Love every child without condition, listen with an open heart, get to know who they are, what they love, and follow more often than you lead.
Teachers should not fear going off plan if a better learning opportunity presents itself. Plans are plans, but children are living, breathing, creative people, who deserve to have their questions answered and original ideas explored.
Children with autism are colourful - they are often very beautiful and, like the rainbow, they stand out.
My aim is to sort the jumble of information we throw at these children and present it in such a way that they will have a greater chance of achieving independence and fulfilment.
Our visuals must represent the truth and decode the verbal jumble so these children can find the right direction.
Teachers should be made aware of visual stress symptoms and the potential difference coloured lights, overlays and lenses could make to a learners perception.
Adapting our own perception, following rather than leading and building bridges are all keys to helping the child with autism learn.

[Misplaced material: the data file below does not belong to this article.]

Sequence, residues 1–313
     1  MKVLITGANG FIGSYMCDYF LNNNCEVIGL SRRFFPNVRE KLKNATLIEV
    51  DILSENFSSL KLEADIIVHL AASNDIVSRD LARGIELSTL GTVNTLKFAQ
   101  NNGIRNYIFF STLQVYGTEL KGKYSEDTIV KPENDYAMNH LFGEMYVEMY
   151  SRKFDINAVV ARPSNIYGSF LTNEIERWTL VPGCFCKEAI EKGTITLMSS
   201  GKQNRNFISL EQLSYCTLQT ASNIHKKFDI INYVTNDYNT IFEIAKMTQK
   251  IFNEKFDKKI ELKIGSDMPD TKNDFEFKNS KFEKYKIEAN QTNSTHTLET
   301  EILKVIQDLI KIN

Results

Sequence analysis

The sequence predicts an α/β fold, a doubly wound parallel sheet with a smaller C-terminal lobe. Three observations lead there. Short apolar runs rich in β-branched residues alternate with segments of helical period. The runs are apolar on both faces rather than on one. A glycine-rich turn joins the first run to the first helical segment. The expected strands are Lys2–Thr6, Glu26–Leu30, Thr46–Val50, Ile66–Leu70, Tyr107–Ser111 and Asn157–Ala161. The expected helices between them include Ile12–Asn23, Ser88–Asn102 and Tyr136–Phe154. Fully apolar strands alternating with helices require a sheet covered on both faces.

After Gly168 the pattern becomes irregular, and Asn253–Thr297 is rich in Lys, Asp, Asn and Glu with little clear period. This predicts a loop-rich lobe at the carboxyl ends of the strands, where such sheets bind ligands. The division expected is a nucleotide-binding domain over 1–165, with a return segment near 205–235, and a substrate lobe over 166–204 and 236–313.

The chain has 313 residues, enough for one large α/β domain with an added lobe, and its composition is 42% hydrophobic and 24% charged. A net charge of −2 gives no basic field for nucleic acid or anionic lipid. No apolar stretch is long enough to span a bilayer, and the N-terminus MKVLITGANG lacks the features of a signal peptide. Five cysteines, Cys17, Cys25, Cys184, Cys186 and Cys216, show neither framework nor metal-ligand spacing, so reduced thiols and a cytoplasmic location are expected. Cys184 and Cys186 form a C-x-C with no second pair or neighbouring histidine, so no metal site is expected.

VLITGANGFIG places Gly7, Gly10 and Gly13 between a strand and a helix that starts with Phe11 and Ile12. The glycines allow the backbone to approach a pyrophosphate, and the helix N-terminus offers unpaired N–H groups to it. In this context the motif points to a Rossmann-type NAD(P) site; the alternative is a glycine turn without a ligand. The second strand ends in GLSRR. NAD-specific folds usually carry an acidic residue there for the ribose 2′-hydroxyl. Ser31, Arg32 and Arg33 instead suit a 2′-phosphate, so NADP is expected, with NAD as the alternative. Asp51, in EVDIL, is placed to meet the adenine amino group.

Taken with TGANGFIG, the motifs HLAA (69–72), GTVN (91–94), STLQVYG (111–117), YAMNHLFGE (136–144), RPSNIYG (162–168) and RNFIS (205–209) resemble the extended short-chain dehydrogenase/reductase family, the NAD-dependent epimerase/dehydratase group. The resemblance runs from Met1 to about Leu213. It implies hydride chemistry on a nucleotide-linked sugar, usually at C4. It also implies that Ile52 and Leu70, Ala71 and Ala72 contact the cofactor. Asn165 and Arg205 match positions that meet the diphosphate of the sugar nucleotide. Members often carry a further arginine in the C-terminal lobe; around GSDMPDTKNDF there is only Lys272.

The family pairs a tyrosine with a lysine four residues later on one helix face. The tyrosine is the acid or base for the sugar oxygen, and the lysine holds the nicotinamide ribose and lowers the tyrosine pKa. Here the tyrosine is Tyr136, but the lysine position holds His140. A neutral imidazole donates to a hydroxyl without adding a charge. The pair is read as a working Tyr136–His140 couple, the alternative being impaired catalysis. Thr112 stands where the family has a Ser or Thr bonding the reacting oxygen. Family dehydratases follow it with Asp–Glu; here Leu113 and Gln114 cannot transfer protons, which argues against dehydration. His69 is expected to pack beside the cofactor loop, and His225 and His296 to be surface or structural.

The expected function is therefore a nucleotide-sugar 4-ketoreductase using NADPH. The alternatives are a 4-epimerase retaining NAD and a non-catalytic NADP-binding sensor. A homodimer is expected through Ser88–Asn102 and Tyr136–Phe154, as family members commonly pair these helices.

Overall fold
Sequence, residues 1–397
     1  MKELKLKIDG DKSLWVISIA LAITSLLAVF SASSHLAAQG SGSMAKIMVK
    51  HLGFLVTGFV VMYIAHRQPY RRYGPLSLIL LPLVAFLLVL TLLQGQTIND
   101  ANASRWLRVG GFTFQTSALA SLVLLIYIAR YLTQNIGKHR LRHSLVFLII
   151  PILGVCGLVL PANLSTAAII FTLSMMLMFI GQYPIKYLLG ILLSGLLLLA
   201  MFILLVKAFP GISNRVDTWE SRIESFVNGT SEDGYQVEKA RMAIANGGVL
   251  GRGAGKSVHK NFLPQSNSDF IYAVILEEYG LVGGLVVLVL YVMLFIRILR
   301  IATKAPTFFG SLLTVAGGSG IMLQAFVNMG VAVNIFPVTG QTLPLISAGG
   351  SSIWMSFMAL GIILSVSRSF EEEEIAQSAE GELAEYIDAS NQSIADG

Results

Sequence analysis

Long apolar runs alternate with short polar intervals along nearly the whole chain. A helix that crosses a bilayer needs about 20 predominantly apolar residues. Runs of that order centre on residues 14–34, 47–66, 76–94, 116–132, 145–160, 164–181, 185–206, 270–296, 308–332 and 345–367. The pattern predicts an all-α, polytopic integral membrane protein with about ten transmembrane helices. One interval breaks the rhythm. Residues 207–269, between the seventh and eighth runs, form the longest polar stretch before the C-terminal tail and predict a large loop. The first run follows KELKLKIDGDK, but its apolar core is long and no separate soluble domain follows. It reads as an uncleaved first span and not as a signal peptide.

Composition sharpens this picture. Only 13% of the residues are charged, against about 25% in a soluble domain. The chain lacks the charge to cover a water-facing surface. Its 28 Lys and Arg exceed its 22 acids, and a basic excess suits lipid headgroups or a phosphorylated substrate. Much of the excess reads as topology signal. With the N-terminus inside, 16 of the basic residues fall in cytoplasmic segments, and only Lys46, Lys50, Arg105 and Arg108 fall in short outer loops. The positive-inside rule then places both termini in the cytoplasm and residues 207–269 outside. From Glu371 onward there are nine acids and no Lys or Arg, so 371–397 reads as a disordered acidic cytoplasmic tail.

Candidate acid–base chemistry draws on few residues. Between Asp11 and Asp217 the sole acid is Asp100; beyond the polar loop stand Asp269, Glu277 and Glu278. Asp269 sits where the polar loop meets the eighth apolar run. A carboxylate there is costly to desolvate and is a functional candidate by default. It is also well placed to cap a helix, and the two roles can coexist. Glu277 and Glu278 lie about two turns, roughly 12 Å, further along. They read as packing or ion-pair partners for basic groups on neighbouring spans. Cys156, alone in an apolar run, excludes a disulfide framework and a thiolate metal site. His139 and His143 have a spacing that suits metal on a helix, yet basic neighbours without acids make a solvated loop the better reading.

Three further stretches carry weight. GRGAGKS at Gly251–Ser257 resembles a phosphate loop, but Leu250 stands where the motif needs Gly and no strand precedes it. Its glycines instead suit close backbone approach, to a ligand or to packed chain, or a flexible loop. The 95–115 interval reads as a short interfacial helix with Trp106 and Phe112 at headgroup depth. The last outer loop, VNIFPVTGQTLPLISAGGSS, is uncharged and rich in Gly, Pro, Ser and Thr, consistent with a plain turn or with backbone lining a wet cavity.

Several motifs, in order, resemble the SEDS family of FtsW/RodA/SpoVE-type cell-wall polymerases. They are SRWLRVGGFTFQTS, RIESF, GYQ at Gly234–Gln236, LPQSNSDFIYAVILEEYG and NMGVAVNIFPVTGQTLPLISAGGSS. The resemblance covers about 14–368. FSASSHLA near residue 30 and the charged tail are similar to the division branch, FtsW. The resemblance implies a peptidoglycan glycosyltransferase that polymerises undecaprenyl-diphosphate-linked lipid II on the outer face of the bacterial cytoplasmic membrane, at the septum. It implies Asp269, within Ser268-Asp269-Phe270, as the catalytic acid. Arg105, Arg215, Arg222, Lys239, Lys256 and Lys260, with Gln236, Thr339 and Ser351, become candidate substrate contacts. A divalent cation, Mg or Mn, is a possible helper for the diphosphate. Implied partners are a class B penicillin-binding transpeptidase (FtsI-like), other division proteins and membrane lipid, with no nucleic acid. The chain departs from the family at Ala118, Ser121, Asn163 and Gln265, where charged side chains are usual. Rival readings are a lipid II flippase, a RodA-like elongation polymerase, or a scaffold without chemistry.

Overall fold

Are we allowing individuals to develop their talents with our current teaching methods? Is there more or maybe less we should be doing?
The closer we come to understanding the challenges of autism, the better we are placed to accommodate and educate without risking removing that individuality we all love.
Children with autism are constantly testing and pursuing truth. They are a bundle of contradictions. They love order and routine, yet often have the most amazingly inventive and creative minds. They may appear to follow rules, but are also the most likely people to come up with a revolutionary new idea. They feel emotion intensly, but often seem to struggle to read facial expressions.
Could some of the challenging behaviours that often partner autism begin as experiements on measuring human reactions? Are these children exploring boundaries - seeing what makes the toy squeak or the adult shriek?